The book is called "When Breath Becomes Air." It's a New York Times best-seller. Dr. Lucy Kalanithi said she made sure to get the book published, to fulfill her promise to her husband.
"I think about him all the time and when I look at Cady, she's so beautiful," said Lucy Kalanithi. "She's got these really intense eyes. She's really funny and she's this wonderful kid and some of those traits, they remind me of Paul."
Jennings caught up with Lucy Kalanithi at Stanford Medical Center. She said Paul Kalanithi always loved writing and literature and that helped him as a doctor, and then as a patient.
"He sort of felt literature and medicine were two sides of the same thing. They were like, one makes us human, how do we connect and they each helped him understand life," Lucy Kalanithi said.
Paul Kalanithi was a Stanford neurosurgeon. He was diagnosed with stage four lung cancer at the age of 36. The philosopher side of him led to a powerful New York Times article: "How Long Have I Got Left". And he started a manuscript for a book.
"When I think of him doing chemo, I think about him sitting with a blanket and an IV and his computer, working on writing this and it brings to mind how much he endured physically, so that he could write this book," Lucy Kalanithi said.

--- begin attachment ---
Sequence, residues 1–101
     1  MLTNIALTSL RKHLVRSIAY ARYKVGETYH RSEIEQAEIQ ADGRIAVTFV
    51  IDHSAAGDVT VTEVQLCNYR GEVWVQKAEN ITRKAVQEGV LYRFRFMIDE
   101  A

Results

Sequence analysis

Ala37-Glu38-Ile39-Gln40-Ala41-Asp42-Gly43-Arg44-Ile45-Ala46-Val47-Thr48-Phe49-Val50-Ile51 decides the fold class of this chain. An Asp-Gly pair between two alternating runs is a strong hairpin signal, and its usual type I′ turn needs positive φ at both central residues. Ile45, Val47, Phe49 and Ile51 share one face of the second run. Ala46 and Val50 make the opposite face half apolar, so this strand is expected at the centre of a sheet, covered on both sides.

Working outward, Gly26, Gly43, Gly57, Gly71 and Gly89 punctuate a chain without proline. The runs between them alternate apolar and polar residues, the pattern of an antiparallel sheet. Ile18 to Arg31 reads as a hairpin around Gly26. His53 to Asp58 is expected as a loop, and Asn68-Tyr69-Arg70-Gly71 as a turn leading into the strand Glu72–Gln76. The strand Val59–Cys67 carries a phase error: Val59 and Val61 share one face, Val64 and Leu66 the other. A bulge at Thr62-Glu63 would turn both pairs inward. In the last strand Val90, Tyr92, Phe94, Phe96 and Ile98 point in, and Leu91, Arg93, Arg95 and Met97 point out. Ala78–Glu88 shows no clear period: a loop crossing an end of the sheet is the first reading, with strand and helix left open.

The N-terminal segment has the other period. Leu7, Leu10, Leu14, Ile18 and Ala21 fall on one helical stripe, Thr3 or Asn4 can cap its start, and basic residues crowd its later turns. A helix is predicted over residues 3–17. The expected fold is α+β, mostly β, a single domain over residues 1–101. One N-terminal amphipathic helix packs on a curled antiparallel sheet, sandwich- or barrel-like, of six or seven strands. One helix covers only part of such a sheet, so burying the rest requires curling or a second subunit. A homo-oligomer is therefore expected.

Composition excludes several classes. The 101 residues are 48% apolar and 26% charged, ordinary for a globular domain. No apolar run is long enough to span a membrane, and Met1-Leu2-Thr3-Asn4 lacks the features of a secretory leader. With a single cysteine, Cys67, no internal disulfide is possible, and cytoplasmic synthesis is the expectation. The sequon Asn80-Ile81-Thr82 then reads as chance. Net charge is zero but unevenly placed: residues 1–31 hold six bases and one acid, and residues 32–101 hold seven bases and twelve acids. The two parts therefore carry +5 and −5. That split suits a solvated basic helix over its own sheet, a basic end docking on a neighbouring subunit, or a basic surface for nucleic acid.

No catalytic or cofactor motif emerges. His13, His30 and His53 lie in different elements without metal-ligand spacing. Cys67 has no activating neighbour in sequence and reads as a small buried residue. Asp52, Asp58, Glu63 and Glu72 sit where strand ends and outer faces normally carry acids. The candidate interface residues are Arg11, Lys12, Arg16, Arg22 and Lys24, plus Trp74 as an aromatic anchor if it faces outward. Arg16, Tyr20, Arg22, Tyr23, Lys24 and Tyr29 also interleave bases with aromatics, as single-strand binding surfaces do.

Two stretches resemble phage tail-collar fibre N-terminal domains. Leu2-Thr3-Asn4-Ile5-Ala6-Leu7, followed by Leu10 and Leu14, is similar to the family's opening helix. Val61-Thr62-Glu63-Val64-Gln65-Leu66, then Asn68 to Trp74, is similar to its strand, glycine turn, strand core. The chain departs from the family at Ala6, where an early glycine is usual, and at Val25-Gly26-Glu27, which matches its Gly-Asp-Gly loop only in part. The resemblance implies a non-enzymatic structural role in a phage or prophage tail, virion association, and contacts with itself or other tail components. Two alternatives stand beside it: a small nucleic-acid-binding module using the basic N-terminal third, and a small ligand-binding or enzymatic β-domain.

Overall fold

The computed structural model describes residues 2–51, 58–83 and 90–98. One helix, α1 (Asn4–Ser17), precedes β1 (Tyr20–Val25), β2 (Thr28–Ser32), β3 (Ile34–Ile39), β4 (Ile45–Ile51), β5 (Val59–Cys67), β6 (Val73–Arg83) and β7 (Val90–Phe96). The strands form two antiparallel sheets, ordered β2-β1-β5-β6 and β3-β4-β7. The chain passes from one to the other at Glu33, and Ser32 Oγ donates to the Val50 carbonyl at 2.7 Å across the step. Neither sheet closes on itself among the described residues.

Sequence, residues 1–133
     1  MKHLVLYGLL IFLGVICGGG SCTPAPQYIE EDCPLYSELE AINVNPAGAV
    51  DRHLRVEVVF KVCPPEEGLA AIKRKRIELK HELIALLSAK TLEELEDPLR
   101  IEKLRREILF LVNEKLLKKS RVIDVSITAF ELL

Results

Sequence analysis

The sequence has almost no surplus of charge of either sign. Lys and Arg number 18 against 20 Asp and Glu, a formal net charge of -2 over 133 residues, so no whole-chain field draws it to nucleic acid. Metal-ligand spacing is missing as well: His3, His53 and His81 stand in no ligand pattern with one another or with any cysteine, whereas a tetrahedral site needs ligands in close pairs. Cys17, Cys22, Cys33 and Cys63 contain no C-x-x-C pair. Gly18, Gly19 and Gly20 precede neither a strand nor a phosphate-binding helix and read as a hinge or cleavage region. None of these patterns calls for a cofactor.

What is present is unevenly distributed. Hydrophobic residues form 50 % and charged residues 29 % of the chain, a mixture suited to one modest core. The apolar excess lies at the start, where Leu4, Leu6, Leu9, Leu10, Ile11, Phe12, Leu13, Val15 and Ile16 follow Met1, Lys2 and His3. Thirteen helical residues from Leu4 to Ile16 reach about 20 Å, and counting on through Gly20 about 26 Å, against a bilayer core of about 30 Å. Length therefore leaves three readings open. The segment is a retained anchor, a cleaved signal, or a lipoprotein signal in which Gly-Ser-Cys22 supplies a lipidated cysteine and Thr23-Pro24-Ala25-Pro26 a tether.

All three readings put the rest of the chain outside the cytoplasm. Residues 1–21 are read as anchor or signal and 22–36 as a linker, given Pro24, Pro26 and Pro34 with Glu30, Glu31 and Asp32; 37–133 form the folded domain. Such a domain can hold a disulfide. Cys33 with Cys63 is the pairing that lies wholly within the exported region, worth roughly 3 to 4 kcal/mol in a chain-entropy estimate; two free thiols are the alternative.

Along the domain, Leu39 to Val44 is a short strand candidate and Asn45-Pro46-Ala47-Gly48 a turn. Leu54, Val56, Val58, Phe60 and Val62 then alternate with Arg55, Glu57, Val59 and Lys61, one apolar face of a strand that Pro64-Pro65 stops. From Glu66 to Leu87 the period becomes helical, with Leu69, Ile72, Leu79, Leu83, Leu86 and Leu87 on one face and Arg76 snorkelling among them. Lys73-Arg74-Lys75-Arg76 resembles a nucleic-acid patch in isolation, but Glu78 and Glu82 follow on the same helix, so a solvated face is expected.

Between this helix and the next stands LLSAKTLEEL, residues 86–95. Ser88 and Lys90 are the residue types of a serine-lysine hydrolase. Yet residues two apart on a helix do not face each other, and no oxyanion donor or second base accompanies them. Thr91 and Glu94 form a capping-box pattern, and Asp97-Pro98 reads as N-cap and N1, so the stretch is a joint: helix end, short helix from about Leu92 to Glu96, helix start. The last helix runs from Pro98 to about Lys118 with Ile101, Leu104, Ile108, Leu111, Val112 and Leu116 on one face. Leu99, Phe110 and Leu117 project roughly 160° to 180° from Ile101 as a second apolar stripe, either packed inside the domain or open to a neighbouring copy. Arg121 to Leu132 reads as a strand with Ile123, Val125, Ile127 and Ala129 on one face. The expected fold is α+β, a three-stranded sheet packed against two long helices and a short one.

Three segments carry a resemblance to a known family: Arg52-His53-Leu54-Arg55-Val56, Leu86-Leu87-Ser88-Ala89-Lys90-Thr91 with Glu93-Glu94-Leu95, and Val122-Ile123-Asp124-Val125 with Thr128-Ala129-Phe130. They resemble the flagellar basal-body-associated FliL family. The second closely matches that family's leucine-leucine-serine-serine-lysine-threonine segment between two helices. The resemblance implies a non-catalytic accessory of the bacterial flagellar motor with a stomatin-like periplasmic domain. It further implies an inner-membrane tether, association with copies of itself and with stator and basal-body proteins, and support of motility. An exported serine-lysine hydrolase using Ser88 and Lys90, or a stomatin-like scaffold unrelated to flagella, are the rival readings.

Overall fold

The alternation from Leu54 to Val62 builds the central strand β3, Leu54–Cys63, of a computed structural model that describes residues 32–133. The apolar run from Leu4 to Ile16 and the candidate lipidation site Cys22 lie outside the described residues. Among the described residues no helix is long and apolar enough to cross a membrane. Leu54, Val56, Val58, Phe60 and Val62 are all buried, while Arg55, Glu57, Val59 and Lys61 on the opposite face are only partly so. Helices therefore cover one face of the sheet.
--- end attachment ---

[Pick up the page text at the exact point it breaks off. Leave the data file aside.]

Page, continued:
Jenning's first met Paul and Lucy Kalanithi in 2014 at Stanford while he was undergoing blood tests. He talked about wrestling with how to live his life with a terminal illness, not knowing when he would die.
"My first thought was that I'd be dead within three months. The first thing I said to Lucy was 'You should definitely remarry and start up a life,' because it this one seemed like it was over," Paul Kalanithi said in 2014.
"It actually felt really loving, like, oh, you just got this terrible news and the first thing you're saying is something about my life," Lucy Kalanithi said.
They decided to have a baby during this difficult time.
"I knew a child would bring joy to the whole family and I couldn't bear to picture Lucy, husbandless and childless after I died," Lucy Kalanithi said, reading from her husband's book.
"He came into the hospital in a wheelchair to see Cady born," Lucy Kalanithi said.
"I hope I'll live long enough that she'll have some memory of me," Lucy Kalanithi said, reading from her husband's book.
Cady was born on the Fourth of July, 2014. Paul died eight months later. He enjoyed every moment with her. Paul Kalanithi's death has been a real struggle for his wife.
"The emotions and the disorientation after somebody dies who is that close to you has been really striking," she said.
The book is dedicated to little Cady, with words that pierce the heart:You filled a dying man's days with a sated joy. A joy unknown to me in all my prior years.
"The main thing is just how much he loved her," Lucy Kalanithi said. "Helping her know that she has a dad and how important she was to him, I would love her to know that."
The Kalanithis were big supporters of campaigns to raise awareness about lung cancer. Lucy Kalanithi still is. For more resources on lung cancer visit the Lung Cancer Foundation and Team Draft.